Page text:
Weeks apart, Toby and Kelly both managed to scare me half to death thinking that their feet were bleeding. I’m sure unintentionally, they taught me a good lesson about how to respond to a medical emergency, whether real or perceived.
Toby took the first round, I had just put a plate of cucumber mush into their cage, she hopped on the plate, and then jumped back off. As she bounced around the cage I saw a bright red, wet dot on her toe! Now, mind you I have no idea how a parakeet could cut their foot on a plate of grated cucumber mush, but if anyone was going to find a way it would be Toby. That girl trips all over her own feet every day.
Anyway, I immediately went to level 10 on the panic scale, like most parakeet owners, I’ve heard the statistic that ‘keets can die from losing just 12 drops of blood, and this looked like bit fat drop number 1! I yelled out to my husband that he needed to come immediately because Toby’s foot was bleeding, he leapt off the couch and joined me in the kitchen and reminded me that I should grab my Styptic Powder from our 1st aid kit. I was literally in such a state I don’t know if I would have gotten that far, so much for being calm in a crisis!
I grabbed the powder and ripped open the package, quickly reading the directions as I went. But, as my initial panic was fading, I noticed that the drop of blood hadn’t changed on Toby’s foot, or fallen off or anything, which seemed pretty suspicious.
Pointing it out to Patrick, we decided that since she wasn’t in immediate danger of exsanguinating we should get her to wash her foot off and see what the heck was going on. I poured a shallow dish of water and we lured her in to splash around with some millet.
As soon as she hopped in the water the red dot floated away and there was nothing at all wrong with her toe underneath! Huge sigh of relief, but what the heck was it in the first place?? I poured out some of their food on a white piece of paper and noticed that here and there were tiny pieces of something red which were clearly the culprit! It makes so much sense now, that she got her foot wet in the cucumber and then, hopping onto the papered floor of their cage, got a small bit of discarded food stuck to her toe! It just happened to be colored for maximum bird mommy panic.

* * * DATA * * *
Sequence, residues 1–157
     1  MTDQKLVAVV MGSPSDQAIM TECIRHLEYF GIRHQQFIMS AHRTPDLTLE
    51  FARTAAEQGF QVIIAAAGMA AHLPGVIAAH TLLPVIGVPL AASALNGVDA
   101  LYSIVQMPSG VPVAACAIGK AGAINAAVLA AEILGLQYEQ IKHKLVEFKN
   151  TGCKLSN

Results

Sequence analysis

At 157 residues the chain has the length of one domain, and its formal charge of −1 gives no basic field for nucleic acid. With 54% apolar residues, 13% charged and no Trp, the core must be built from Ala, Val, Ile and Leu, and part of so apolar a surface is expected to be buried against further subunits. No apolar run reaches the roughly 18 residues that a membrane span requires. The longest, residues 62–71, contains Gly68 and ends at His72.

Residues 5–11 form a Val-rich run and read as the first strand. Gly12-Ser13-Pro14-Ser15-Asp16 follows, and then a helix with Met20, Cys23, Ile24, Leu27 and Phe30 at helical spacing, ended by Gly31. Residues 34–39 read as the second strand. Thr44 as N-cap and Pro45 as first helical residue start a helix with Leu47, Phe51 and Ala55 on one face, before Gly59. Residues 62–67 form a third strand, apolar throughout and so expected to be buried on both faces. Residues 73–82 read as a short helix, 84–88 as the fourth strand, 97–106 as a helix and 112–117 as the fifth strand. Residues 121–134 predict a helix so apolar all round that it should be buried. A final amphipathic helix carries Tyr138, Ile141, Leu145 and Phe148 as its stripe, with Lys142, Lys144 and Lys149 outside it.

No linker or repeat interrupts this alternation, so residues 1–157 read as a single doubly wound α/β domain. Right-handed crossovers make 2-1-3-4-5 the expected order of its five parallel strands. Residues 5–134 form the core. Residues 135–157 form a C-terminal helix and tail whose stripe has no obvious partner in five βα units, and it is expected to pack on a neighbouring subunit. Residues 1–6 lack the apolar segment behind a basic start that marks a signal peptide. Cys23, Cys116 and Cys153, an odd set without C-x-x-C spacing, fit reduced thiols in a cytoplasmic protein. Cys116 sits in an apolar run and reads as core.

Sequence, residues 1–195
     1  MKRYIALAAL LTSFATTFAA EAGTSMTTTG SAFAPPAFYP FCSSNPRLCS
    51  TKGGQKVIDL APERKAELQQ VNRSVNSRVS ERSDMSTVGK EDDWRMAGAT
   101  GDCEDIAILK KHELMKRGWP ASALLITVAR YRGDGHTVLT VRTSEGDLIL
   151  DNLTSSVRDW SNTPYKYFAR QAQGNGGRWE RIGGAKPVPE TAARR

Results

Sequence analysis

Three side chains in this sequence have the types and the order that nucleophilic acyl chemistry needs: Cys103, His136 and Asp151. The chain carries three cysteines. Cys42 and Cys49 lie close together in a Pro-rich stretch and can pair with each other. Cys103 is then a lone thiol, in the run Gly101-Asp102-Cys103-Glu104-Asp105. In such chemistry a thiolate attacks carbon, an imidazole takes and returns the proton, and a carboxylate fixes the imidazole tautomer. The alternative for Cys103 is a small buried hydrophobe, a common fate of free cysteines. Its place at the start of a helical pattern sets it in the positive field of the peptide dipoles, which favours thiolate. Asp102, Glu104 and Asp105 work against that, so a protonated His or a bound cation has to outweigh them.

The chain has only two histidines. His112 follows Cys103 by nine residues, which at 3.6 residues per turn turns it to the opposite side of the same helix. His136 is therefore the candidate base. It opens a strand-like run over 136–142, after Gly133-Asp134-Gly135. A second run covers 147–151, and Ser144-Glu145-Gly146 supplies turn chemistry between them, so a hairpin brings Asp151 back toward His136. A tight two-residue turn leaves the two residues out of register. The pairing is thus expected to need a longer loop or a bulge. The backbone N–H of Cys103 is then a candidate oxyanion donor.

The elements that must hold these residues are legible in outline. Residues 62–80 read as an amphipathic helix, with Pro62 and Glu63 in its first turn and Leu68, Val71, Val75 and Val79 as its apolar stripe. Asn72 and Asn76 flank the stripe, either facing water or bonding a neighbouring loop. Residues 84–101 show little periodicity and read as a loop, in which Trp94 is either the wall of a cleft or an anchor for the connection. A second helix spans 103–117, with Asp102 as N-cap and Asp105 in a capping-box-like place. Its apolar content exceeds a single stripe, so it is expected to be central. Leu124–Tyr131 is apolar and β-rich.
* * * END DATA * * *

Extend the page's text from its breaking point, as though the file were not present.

Sidebar, the reason I’m so susceptible to thinking their feet are damaged is because Toby and Kelly both have a tendency to bite each other’s feet. No one HAS ever actually drawn blood, but if someone’s feet look bloody that’s where my mind goes immediately and it feels so plausible.
Next up, several weeks later, was Kelly. I had just woken them up for the day and saw a dried-looking patch of red on her foot that I simply could not explain.
I can proudly say I reacted with somewhat less panic, but did call Patrick over and instead of grabbing the styptic we first went for the plate of water and millet trick. She happily splashed around for a few moments and the red splotch faded, to my great relief.
Then I remembered that I had fed her strawberries for the first time the previous evening and it looked like a total bloodbath! I didn’t notice any stains on her foot at the time, but I had noticed the tip of her tail and her head had a couple of red marks, so I must have just missed the foot splash.
The lesson learned here, for me, is twofold. First it reinforces how important it is to have first aid supplies on hand. But second, and most important, it reminds me that keeping a level head and assessing a situation before reacting with any rash treatment is so important. I’m relieved that I didn’t treat them with anything they didn’t actually need, even though delaying to assess the (perceived) damage made for some tense moments!